Novartis has been committed to the fight against malaria for more than two decades. In 1999 we launched the first fixed-dose Artemisinin-based combination therapy (ACT) and in 2009 the first dispersible pediatric ACT developed in partnership with Medicines for Malaria Venture (MMV). Today we are working on the development of the next generation of antimalarials to address the ever-growing threat of parasite resistance.
Over the past 20 years, together with our partners, we have delivered more than 1 billion treatments, including over 430 million pediatric treatments to malaria-endemic countries.
Despite the tremendous progress made in combating malaria, one child still dies from the disease every two minutes. Novartis is committed to contributing to the WHO’s target of reducing malaria-related child mortality by at least 90% in 2030. As part of the PAMAfrica research consortium led by Medicines for Malaria Venture, we initiated the development of a new formulation of our ACT for infants weighing less than 5 kilograms. This is one of the most vulnerable groups affected by malaria, for whom there is currently no approved treatment.
Working on the next generation of antimalarials
"Resistance to treatment presents the biggest threat to the incredible progress that has been made in the fight against malaria in the past 20 years. We cannot afford to wait; this is why we are committing to advance the research and development of next-generation treatments," said Vas Narasimhan, CEO of Novartis.
Drug discovery efforts at the Novartis Institute for Tropical Diseases (NITD) have delivered an industry-leading pipeline of drug candidates to address the emerging threat of resistance. Two antimalarials in development, KAF156 and KAE609, offer new mechanisms of action against the disease and have the potential for simplified therapeutic regimens over current treatments. Novartis leads the development of KAF156 with scientific and financial support from Medicines for Malaria Venture (MMV) in collaboration with the Bill & Melinda Gates Foundation. The development of KAE609 is led by Novartis with financial support from the Wellcome Trust. Both KAF156 and KAE609 are included in WANECAM 2 and PAMAfrica consortia respectively, funded by the European & Developing Countries Clinical Trials Partnership to support capacity building in Africa.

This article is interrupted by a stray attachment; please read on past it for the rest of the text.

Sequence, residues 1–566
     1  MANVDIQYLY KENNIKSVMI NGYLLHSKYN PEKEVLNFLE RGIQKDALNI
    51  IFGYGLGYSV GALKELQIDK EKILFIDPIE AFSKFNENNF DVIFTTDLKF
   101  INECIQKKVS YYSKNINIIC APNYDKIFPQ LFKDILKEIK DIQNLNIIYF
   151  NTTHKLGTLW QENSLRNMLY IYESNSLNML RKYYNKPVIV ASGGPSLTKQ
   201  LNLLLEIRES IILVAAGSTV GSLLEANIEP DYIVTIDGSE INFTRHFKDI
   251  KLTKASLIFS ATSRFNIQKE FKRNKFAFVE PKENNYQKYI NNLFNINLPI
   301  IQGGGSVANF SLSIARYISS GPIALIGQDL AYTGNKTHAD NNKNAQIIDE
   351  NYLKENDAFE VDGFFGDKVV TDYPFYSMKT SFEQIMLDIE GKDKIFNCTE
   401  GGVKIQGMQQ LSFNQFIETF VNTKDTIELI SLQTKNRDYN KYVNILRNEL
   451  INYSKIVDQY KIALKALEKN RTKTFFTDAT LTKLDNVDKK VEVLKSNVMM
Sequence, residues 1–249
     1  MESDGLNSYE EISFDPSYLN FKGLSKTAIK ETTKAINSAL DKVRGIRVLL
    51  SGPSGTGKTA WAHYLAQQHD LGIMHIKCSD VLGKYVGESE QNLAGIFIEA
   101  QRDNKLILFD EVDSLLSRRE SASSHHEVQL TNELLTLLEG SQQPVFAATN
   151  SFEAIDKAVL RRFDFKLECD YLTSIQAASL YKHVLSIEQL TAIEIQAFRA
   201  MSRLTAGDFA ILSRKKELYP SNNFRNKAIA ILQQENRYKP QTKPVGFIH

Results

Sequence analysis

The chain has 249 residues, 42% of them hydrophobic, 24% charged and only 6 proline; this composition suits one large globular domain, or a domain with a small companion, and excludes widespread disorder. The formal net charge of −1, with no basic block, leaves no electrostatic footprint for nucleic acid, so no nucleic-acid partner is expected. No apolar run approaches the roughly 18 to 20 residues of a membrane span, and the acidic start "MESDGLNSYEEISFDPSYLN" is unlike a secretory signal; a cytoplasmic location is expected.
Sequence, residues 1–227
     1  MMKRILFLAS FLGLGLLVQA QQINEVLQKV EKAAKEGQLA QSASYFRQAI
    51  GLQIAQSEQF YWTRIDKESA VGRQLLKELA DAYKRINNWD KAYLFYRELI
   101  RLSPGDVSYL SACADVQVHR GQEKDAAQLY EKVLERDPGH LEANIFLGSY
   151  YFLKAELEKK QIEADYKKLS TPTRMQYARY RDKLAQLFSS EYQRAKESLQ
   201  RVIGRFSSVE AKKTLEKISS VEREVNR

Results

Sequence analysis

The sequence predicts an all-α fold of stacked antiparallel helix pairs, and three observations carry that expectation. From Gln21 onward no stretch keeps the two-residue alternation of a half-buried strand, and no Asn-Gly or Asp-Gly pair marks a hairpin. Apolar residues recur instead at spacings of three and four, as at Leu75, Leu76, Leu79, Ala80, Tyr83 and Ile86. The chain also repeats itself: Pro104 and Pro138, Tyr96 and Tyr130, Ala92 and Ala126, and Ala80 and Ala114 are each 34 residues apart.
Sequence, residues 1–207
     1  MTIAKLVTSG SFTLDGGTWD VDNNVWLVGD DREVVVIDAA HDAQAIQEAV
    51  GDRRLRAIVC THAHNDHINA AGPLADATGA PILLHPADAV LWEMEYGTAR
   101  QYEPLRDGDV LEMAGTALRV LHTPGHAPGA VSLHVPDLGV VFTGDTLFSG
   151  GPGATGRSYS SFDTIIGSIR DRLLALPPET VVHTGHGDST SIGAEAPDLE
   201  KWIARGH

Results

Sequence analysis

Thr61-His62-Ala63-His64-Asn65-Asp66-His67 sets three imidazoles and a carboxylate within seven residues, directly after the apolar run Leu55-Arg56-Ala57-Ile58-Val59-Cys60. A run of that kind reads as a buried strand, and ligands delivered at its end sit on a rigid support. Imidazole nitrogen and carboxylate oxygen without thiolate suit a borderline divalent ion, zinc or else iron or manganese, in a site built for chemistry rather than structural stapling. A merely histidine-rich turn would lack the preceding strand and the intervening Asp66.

In 2020, NITD discovered another novel malaria therapy, INE963, which has an entirely new mechanism of action. The molecule was developed with support from Medicines for Malaria Venture and received the organization’s “Project of the Year” award in 2020.
Europe-Africa partnership spearheads development of next-generation antimalarial drug.
We aim to extend our contribution to areas beyond treatment. In Nigeria, we are working with partners to strengthen access to diagnosis and treatment at patent and proprietary medicine vendor (PPMV) shops for children under age 5 with malaria. We expect to expand to additional countries in Sub-Saharan Africa in the coming years.
In India, under the umbrella of the Novartis Healthy Family program (Arogya Parivar), we started a malaria screening campaign in Odisha state, a highly endemic area that bears almost a quarter of the country’s malaria burden. Patients diagnosed with malaria receive a prescription and are advised to visit the nearest government health clinic for treatment and follow-up. We also provided education at Healthy Family health camps on the higher risk of malaria transmission during monsoon periods.
Local insights and learnings are key to accelerating progress
In order to bring voices from local malaria experts – from government, the research community and NGOs – in the global debate, we commissioned an opinion research in sub-Saharan and Central Africa, and in five countries in South and Southeast Asia on progress and challenges toward the 2030 malaria elimination goals. Despite differences, the MalaFA (Malaria Futures for Africa/Asia) reports identify common challenges such as the need for increased domestic financing; training new cohorts of healthcare workers in malaria care; and continued investment in R&D to effectively fight insecticide and ACT resistance.